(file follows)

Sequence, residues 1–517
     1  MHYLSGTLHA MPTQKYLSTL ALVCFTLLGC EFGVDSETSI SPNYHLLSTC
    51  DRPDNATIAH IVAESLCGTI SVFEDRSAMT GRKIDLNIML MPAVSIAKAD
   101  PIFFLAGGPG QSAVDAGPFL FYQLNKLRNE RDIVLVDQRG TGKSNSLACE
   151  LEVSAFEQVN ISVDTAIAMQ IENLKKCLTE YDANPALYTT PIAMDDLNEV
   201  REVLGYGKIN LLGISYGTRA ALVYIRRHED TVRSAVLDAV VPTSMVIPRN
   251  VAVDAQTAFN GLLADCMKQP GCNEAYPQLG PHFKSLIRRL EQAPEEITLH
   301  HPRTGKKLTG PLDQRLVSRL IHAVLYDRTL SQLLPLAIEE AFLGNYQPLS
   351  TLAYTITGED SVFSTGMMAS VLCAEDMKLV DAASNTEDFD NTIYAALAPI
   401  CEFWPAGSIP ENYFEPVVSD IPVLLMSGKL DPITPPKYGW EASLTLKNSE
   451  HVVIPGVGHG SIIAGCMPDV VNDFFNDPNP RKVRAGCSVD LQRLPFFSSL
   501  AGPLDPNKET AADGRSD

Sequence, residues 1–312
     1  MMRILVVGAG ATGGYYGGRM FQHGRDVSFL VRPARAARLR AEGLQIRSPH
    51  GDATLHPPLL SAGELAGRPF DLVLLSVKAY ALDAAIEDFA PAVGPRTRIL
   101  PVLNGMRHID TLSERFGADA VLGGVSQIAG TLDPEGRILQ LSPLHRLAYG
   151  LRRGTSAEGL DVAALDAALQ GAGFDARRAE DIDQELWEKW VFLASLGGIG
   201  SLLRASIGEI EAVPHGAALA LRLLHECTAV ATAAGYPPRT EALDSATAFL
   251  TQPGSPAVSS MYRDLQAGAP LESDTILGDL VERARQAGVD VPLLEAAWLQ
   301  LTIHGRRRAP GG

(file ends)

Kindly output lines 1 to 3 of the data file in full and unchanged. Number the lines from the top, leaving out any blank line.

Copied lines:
Sequence, residues 1–517
     1  MHYLSGTLHA MPTQKYLSTL ALVCFTLLGC EFGVDSETSI SPNYHLLSTC
    51  DRPDNATIAH IVAESLCGTI SVFEDRSAMT GRKIDLNIML MPAVSIAKAD